How Google's Project Loon internet-balloons got started

On paper, the notion of balloon-provided internet sounds more than a little ridiculous, but that’s just how Google X rolls. Mountain View’s far-off research division has recently spilled its guts to Fast Company, detailing the process for bringing something like Project Loon from concept to reality. To start, every X project must address a problem that affects possibly billions of people and it has to use a radical solution that resembles sci-fi to do so. Oh, and it needs to utilize tech that’s “very nearly” obtainable, if it already isn’t available, too.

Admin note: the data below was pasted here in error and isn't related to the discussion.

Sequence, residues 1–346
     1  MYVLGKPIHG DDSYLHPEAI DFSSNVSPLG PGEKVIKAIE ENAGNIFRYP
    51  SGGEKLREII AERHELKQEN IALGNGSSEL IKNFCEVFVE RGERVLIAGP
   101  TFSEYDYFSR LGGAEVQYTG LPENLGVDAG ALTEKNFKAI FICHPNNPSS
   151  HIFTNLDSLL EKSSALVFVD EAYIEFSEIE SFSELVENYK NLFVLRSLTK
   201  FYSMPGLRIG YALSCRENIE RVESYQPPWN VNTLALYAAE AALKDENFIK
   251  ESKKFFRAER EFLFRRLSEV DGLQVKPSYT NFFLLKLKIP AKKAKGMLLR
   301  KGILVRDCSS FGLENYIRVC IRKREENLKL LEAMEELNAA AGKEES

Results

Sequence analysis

Astro Teller is sharing a story about something bad. Or maybe it’s something good. At Google X, it’s sometimes hard to know the difference. Teller is the scientist who directs day-to-day work at the search ­giant’s intensely private innovation lab, which is devoted to finding unusual solutions to huge global problems. He isn’t the president or chairman of X, however; his actual title, as his etched-glass business card proclaims, is Captain of Moonshots–“moonshots” being his catchall description for audacious innovations that have a slim chance of succeeding but might revolutionize the world if they do. It is evening in Mountain View, California, dinnertime in a noisy restaurant, and Teller is recounting over the din how earlier in the day he had to give some unwelcome news to his bosses, Google cofounder Sergey Brin and CFO Patrick Pichette. “It was a complicated meeting,” says Teller, 43, sighing a bit

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